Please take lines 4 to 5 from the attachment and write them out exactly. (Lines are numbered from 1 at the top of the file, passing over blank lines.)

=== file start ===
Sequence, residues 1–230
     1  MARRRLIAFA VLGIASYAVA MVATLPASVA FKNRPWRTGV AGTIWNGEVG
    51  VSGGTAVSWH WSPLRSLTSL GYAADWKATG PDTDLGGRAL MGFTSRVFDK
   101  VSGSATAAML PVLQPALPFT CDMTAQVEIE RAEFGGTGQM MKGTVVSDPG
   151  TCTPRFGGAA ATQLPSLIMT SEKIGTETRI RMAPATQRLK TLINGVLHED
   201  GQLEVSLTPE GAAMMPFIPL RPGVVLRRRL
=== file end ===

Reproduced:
   101  VSGSATAAML PVLQPALPFT CDMTAQVEIE RAEFGGTGQM MKGTVVSDPG
   151  TCTPRFGGAA ATQLPSLIMT SEKIGTETRI RMAPATQRLK TLINGVLHED